Wrong Turn at Daxam: 5 Elseworld Tales of Superman's Rocket Landing in the Wrong Spot

Alex Jaffe

Alex Jaffe

June 18, 2020


The DC multiverse exists to present us with the wonder of infinite possibilities. In a cosmic tapestry of infinite universes, minor shifts of tiny objects in the slightest course of direction could account for vastly different realities. For instance: the rocket which brought baby Kal-El from the doomed planet Krypton to the Kent farmstead in Smallville, Kansas. Had that fateful vessel landed anywhere else in the universe, we would have ended up with a very different Superman, and a very different world of heroes. It’s a concept too tantalizing to ignore, and one that many writers over the years have offered their own interpretations of. Here’s a short list of some of the many consequences we’ve seen of baby Kal-El’s ship losing its way, and what became of it.





Here’s a question for you: what if Superman was Batman? In the definitive Elseworlds story Speeding Bullets, this question is answered with a rocket: a rocket discovered by Thomas and Martha Wayne, who adopt baby Kal-El as their own Bruce. In this timeline, Bruce Wayne’s superpowers are what allow him to survive the fatal mugging which took the lives of his parents, and creates a world with a Batman who soars through the air in a manner entirely unlike a bat.






Monty Python’s own John Cleese gave us Superman: True Brit, a story where Kal-El’s rocket lands in a sleepy English seaside town. Serving more as a send-up of England’s sometimes suffocating social practices than the lore of Superman himself, True Brit is really a story about how a fear of standing out or seeming improper can stifle even the greatest of gifts. Featuring a guest appearance by The Rutles! Hey, remember The Rutles?! No? Well, never mind then.






One of the most interesting Elseworld tales of Superman’s rocket was the three-part series Superman: The Dark Side, where the newborn Kal-El is completely diverted from Earth towards the slums of Apokolips. Why? Because Metron wanted to see what would happen. Raised as an elite servant of Darkseid, the would-be Superman discovers that morality can come from within when he has a change of heart during a mission to conquer the Earth. This story was loosely adapted into the outstanding two-part finale of Superman: The Animated Series, where Superman is brainwashed into believing he was always from Apokolips.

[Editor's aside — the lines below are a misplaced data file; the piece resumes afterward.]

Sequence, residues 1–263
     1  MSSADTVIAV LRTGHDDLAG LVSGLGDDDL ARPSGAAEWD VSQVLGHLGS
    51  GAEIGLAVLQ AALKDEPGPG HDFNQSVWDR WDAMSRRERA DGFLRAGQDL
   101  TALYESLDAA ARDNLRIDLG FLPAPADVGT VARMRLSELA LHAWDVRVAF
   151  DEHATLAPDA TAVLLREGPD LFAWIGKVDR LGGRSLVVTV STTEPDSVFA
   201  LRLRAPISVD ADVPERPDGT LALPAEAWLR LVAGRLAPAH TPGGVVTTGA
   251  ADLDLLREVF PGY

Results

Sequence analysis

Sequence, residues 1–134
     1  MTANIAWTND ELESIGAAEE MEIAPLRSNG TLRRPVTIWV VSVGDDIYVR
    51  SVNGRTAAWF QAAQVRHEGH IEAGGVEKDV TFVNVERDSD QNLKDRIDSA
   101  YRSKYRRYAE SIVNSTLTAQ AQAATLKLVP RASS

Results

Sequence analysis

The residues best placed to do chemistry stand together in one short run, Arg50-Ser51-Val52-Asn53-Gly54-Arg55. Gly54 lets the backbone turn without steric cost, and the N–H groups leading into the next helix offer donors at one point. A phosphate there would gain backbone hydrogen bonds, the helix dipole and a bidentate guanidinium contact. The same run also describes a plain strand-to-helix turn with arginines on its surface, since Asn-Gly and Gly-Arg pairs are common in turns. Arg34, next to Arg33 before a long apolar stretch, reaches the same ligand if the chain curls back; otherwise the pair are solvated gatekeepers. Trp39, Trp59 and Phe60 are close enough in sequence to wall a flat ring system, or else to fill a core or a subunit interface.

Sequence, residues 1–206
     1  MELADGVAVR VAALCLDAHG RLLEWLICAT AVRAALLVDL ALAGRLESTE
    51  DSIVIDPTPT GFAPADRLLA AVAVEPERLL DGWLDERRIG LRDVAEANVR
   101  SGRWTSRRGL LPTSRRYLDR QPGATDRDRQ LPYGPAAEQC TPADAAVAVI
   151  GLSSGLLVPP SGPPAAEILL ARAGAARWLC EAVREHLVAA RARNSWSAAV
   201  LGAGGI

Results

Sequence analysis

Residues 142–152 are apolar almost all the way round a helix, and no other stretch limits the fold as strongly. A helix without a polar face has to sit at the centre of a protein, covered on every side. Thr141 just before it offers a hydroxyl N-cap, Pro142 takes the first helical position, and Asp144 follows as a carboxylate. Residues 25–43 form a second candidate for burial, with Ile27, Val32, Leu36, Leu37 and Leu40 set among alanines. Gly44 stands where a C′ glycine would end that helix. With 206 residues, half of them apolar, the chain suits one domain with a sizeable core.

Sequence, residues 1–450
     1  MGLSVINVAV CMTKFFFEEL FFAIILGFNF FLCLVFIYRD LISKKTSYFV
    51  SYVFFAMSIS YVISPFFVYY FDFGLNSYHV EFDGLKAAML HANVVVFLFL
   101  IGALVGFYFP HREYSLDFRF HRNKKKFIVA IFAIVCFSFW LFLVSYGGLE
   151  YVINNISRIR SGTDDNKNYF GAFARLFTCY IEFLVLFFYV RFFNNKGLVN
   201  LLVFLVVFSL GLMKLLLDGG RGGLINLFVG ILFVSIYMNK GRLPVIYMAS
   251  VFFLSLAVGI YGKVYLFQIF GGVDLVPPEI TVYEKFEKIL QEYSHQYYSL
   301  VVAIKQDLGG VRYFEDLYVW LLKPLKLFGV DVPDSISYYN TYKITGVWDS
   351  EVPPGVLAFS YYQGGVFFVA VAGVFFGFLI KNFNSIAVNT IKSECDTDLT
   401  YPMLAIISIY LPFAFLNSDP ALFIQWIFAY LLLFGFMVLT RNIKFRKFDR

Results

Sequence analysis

We all know Superman’s journey by now. Krypton, Smallville, Metropolis. Why not cut out the middle man? The devastating time-bending events of 2011’s “Flashpoint” do just this -- slamming the Kryptonian rocket with the force of a meteor into the heart of Metropolis, devastating the city. The Ma and Pa Kent of our timeline’s greatest fears are realized right away, when the rocket’s occupant is taken custody by the US military and raised as a lab experiment. See, this is why you don’t mess with time travel. Go back in time to save your mom, and suddenly rocket ships that you had nothing to do with end up moving in a different direction for some weird reason. Don’t ask me how that happens. I’m not Rip Hunter.




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Of course, we saved the most well-known wayward rocket ship story for last -- Superman: Red Son, writer Mark Millar’s tale of a Soviet Man of the Iron Curtain. After landing in a Ukranian farming collective, baby Superman is taken to Joseph Stalin and is raised as property of the state. Along the way, Superman grows into the Marxist ideals on which the Soviet Union were formed, and eventually becomes a socialist champion of the people… if an imperfect one. You can watch director Sam Liu’s animated adaptation of Red Son on DC Universe right now.



What would Superman grow up to be like if he landed in your neck of the woods? Speculate in our Community!